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Rebecca VanDiver Awarded 2019 NEH Summer Stipend

Posted by on Wednesday, April 17, 2019 in HART, News, Vanderbilt University, VRC.

rebecca2The National Endowment for the Humanities has awarded Rebecca VanDiver, assistant professor of African American art, a 2019 Summer Stipend for $6,000. VanDiver is in the early stages of research for her second book manuscript on twentieth-century African American art that addresses the notion of impermanence. Her working title is States of Emergency: Politics of Ephemerality in African-American Art Practices, 1965–2015.

“In this new project, I will examine the ways in which African American artists working during the past 50 years have engaged with ideas of ephemerality, producing temporary materials like prints and posters as well as larger-scale projects, like site-specific community murals,” VanDiver said. “An example of that would be the Wall of Respect that existed on Chicago’s South Side from 1967 to 1981.”

She will use the NEH funding to conduct primary source research for the first chapter, which will focus on prints and posters made in connection with the 1960s civil rights movement and the early black feminist movement.

“For this research, I am using a somewhat broader definition of the word ephemera,” VanDiver said. “While the word is traditionally defined as something fleeting and transitory, I am expanding the definition to include the news media as a vehicle for ephemerality.”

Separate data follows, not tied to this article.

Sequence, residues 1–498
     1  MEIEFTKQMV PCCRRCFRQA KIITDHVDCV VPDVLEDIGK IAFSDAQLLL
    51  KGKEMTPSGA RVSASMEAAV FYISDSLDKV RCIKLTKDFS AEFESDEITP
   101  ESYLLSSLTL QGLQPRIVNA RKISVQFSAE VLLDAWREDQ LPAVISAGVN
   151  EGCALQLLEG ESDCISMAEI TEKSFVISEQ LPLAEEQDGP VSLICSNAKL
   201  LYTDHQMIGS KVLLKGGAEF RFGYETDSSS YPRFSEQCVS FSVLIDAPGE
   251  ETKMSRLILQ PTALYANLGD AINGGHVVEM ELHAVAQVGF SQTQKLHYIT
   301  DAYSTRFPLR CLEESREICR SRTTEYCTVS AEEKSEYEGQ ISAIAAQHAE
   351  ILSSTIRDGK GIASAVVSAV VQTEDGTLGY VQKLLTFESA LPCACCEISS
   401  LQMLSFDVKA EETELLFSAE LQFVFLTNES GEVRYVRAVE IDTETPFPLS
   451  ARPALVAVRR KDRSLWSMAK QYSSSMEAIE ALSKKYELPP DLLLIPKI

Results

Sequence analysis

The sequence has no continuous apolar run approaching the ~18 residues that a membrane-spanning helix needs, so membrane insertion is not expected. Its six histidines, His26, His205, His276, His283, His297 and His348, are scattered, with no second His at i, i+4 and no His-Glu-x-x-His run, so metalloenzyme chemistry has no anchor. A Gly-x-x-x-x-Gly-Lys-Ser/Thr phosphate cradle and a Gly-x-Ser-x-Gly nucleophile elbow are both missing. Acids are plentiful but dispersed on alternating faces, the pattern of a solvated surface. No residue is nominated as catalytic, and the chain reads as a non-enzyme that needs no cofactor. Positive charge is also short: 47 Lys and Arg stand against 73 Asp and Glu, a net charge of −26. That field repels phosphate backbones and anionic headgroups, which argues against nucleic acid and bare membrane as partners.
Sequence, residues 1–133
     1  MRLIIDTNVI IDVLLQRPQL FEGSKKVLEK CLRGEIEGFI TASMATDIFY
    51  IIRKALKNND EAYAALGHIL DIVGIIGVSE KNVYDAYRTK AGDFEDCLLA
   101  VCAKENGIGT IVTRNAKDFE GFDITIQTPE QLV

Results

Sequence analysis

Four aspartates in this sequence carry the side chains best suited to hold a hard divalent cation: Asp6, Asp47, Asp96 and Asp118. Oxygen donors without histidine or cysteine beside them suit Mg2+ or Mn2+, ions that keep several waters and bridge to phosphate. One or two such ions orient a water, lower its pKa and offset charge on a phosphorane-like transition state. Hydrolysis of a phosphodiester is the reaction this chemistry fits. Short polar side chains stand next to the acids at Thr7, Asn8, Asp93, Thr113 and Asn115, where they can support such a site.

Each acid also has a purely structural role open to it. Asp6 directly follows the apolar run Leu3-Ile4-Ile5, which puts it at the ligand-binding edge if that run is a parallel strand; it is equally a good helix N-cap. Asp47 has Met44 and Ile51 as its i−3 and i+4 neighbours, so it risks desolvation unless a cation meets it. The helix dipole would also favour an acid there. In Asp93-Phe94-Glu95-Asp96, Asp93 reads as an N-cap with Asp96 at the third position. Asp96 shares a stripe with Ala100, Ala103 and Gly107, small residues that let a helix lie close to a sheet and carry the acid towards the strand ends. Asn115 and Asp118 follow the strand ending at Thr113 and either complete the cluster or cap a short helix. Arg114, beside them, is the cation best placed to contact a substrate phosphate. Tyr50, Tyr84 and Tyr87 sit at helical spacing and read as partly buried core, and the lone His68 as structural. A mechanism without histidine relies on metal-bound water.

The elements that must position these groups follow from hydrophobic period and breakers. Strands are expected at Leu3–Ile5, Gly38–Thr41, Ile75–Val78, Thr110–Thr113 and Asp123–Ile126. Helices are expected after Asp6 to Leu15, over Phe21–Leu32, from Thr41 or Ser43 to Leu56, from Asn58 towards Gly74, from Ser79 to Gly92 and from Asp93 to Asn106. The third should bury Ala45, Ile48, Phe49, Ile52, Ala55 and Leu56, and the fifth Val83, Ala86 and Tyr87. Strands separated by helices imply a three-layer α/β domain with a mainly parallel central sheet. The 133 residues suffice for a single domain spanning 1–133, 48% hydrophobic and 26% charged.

The latter half of her book will focus on how African American contemporary artists such as Kara Walker and Titus Kaphar have responded to the 24-hour news cycle by producing permanent works of art.

VanDiver, who came to Vanderbilt in the fall of 2013, teaches courses on modern/contemporary African American and African art and visual culture. Her research, centered on 20th-century black women artists, African American artistic engagements with Africa, and the politics of exhibition and display, has appeared in American Art, Archives of American Art JournalSpace and Culture, Callaloo, and Transition. The Pennsylvania State University Press is publishing her book-length manuscript on the artist Loïs Mailou Jones under the title Negotiating Traditions: Loïs Mailou Jones and the Composite Aesthetics of Blackness.

The NEH Summer Stipends program is highly competitive. The awards to VanDiver and another Vanderbilt professor, Phillip Lieberman, assistant professor of Jewish studies, classical and Mediterranean studies, religious studies and law, were the only ones in the state of Tennessee this year.

*See Ann Marie Deer Owens’ article (May 13, 2019) in “Research News @Vanderbilt”

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